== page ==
George Herbert Poems :
The poetry of George Herbert is widely considered to be some of the finest metaphysical poetry. The main theme in G. Herbert’s poetry is the struggle between the ordinary life and a life of surrender to God. To some extent this mirrored G.Herbert’s life, Herbert was an Anglican priest but was often tempted to enter a fully fledged public life.
George Herbert was influenced by John Donne and the new metaphysical ideas such as metaphysical conceit (This is the use of sharp paradoxical images and intensity of feeling) However George Herbert wasn’t constrained by John Donne’s style and developed his own. This was particularly characterized by alternating modes of shock and repose. For example conflict is often followed by a calm faith.
THROW away thy rod,
Throw away thy wrath :
O my God,
Take the gentle path.
Though I fail, I weep :
Though I halt in pace,
Yet I creep
To the throne of grace.
Excerpt from Discipline
Herbert’s poems were also quite musical and included many different forms of song and poem, but they also reflect Herbert’s concern with speech–conversational, persuasive, and proverbial. Finally his poetry very often uses Christian imagery but in unexpected ways . In this respect his poems are semi autobiographical and explore the nature God’s love, as Herbert discovered them from his own experience.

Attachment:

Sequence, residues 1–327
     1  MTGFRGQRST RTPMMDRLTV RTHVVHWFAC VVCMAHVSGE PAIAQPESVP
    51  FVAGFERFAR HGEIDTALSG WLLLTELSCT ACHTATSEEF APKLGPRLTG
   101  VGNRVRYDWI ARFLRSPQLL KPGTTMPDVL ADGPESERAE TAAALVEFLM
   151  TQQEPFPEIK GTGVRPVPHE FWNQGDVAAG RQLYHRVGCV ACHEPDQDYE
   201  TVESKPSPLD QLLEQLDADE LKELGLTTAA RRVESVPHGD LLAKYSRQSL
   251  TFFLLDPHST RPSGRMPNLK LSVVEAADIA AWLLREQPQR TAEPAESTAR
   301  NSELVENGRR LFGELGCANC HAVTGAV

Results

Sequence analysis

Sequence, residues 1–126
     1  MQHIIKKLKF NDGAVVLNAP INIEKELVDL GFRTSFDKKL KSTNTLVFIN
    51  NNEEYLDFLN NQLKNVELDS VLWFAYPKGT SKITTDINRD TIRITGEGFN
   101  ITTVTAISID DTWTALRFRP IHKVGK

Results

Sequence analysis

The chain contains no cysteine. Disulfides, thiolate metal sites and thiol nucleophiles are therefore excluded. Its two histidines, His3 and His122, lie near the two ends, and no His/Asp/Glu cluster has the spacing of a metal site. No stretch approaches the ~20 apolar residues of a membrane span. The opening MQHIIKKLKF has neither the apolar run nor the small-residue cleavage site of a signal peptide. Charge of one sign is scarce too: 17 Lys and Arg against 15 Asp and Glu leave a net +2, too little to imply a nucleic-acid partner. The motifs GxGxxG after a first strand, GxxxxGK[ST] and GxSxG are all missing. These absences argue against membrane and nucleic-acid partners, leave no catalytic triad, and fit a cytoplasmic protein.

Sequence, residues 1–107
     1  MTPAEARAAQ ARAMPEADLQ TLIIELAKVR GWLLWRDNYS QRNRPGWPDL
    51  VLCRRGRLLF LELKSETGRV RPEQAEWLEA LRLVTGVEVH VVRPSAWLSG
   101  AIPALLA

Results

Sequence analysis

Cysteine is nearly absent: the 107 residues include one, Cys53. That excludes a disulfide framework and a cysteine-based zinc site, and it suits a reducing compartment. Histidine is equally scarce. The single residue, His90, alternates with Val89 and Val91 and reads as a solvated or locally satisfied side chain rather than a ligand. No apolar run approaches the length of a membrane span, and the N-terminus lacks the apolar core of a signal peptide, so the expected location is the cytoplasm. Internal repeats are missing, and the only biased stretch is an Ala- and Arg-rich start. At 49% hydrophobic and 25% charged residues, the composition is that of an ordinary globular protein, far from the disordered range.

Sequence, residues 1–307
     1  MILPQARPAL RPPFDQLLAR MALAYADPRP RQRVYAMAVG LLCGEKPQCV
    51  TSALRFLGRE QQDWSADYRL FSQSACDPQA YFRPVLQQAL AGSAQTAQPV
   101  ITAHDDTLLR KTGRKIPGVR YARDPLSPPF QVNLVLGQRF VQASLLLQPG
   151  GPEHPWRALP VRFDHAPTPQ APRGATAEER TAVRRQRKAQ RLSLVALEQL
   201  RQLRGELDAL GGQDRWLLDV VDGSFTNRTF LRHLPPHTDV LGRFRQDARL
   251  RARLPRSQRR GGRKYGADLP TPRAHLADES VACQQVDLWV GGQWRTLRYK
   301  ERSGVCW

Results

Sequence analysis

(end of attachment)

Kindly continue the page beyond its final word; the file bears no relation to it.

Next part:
The most widely acclaimed collection of his poetry was “The Temple” These poems were only published after his death and are still popular today.
C.S.Lewis on George Herbert
“Here was a man who seemed to me to excel all the authors I had read in conveying the very quality of life as we live it from moment to moment, but the wretched fellow, instead of doing it all directly, insisted on mediating it through what I still would have called the “Christian mythology.” The upshot of it all could nearly be expressed, “Christians are wrong, but all the rest are bores.”
Source for this introduction include: